Welcome to the inaugural issue of Sociology of Development! This new quarterly publication fills a longstanding gap in the scholarly community. “Development,” broadly considered, is foundational to our discipline, but till now development sociologists were without a flagship journal for their scholarship. The rapidly growing Sociology of Development section of the American Sociological Association, along with the well-established Social Transformations and Sociology of Development Research Committee (RC09) of the International Sociological Association, and the vibrant annual Sociology of Development Conference that is hosted by a different institution each year, all buttress the need for such an outlet.
We, as founding editors, with full support from our distinguished international editorial board, recognize the interdisciplinary scope of development studies. Thus, we welcome submissions from related fields, including (but not limited to) political science, economics, environmental and sustainability sciences, geography, anthropology, and the public health sciences. Areas of interest include development and well-being, environmental change, gender, health, inequality, poverty, political economy, conflict, and social movements, to mention only a few. A core principle of the journal is the promotion and encouragement of intellectual diversity within the study of development. As such, we welcome submissions from all scholars of development sociology, regardless of theoretical orientation, methodological preference, or historical period of study. Basic as well as policy-oriented research is welcome. Submissions from development sociology scholars in the Global South are especially welcome.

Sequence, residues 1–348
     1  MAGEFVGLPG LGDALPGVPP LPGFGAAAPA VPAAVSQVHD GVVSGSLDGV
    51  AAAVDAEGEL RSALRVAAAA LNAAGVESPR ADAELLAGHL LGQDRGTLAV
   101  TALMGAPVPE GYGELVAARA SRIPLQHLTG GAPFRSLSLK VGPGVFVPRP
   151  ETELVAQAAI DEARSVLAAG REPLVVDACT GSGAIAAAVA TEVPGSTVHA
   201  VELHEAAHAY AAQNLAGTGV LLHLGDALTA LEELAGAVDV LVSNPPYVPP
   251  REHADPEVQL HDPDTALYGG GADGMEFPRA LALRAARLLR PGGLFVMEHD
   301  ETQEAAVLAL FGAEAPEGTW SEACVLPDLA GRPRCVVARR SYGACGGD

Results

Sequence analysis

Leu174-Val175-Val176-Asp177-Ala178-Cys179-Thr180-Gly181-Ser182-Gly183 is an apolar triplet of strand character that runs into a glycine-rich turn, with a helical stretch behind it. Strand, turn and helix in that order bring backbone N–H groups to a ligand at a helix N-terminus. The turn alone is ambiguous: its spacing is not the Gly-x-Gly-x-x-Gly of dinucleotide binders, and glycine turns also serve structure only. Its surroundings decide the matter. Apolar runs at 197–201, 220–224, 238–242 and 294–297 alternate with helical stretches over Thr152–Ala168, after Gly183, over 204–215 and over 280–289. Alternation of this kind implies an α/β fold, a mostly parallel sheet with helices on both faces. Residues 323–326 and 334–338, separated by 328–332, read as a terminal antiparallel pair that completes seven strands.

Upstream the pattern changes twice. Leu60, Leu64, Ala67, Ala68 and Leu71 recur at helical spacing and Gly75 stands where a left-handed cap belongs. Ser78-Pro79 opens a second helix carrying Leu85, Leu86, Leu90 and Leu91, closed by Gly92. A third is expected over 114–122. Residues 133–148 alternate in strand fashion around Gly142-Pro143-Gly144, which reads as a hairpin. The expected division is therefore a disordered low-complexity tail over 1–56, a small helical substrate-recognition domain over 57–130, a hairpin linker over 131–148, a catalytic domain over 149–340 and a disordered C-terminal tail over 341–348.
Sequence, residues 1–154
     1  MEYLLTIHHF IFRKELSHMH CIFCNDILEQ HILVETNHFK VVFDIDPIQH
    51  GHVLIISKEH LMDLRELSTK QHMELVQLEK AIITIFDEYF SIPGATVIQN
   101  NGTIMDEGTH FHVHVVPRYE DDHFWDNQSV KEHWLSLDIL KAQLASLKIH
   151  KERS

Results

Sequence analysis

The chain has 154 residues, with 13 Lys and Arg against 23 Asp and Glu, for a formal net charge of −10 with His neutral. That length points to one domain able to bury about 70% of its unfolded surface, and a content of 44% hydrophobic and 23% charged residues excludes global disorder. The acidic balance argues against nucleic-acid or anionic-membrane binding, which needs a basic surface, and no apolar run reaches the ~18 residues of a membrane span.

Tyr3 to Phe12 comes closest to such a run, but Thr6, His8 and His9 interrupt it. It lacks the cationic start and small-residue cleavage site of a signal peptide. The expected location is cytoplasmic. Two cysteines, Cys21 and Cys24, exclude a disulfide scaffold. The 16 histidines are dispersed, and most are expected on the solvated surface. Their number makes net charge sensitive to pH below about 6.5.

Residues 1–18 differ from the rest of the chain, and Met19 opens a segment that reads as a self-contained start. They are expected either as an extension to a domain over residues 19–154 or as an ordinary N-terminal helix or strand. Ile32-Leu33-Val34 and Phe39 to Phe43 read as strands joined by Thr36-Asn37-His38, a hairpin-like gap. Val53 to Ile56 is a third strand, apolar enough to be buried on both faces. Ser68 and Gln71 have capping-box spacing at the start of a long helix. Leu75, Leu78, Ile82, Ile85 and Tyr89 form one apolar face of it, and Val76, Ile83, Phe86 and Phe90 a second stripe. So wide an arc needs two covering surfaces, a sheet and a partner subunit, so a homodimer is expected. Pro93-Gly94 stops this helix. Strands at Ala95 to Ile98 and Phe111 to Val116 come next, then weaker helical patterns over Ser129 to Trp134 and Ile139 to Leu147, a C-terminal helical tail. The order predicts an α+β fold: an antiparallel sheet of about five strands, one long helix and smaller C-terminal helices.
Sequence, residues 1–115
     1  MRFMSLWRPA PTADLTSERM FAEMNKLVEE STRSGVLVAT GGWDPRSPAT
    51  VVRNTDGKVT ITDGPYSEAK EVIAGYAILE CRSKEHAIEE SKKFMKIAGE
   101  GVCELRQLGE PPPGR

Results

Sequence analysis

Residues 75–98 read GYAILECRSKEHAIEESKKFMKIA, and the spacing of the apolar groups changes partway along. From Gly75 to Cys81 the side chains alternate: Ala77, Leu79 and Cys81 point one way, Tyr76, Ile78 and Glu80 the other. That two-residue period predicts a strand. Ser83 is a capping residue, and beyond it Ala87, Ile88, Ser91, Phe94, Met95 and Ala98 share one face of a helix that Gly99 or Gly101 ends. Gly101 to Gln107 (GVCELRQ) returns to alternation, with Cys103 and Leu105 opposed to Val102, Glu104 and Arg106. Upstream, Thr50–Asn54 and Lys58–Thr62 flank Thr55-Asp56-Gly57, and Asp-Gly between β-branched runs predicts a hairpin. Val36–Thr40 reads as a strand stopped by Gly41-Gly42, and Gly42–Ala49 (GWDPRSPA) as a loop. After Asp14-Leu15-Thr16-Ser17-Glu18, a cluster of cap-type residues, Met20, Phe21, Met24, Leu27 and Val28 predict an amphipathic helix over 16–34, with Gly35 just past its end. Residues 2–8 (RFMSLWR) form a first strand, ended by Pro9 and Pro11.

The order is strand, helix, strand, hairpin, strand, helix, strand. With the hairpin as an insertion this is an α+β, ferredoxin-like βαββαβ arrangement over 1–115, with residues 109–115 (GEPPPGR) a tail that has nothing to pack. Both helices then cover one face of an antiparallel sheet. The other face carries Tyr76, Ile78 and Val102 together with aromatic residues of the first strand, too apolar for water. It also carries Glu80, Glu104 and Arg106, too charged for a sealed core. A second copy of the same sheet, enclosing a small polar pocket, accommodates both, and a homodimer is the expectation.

This is the first half of the two-part inaugural issue and consists of a series of invited articles, authored by a mix of internationally renowned development scholars as well as more junior researchers. Some of the articles are solely theoretical in nature, addressing broad themes in the literature, while others are more empirically focused. Units of analysis from cross-national to the intra-national are considered. With this broad mix of scholars and topics, we hope to reflect the journal's commitment to the inherent diversity of development sociology, applaud its multidimensionality, and suggest significant lines of future scholarship. We are immensely grateful to the invited authors for their seminal contributions, and thank the many members of the scholarly community who reviewed the initial drafts.
Many individuals are responsible for this journal coming to life, most notably Samuel Cohn, Jocelyn Viterna, Gregory Hooks, Matthew Sanderson, Jonathan Eastwood, and Marco Garrido. We thank them for their hard work, commitment, and patience. We are hugely appreciative of the broad support and guidance provided by the journal publications team at University of California Press, including Hannah Love, Cheryl Swope, Jeff Hester, our terrific copyeditor, Elisabeth Magnus, and executive editor for University of California Press, Naomi Schneider.
We hope you will find these, and future articles published in the Sociology of Development to be essential reading and look forward to receiving your submissions. We welcome suggestions from readers and authors alike for ways to enhance this journal, and further the scholarship of development sociology.
Andrew Jorgenson and Jeffrey Kentor, coeditors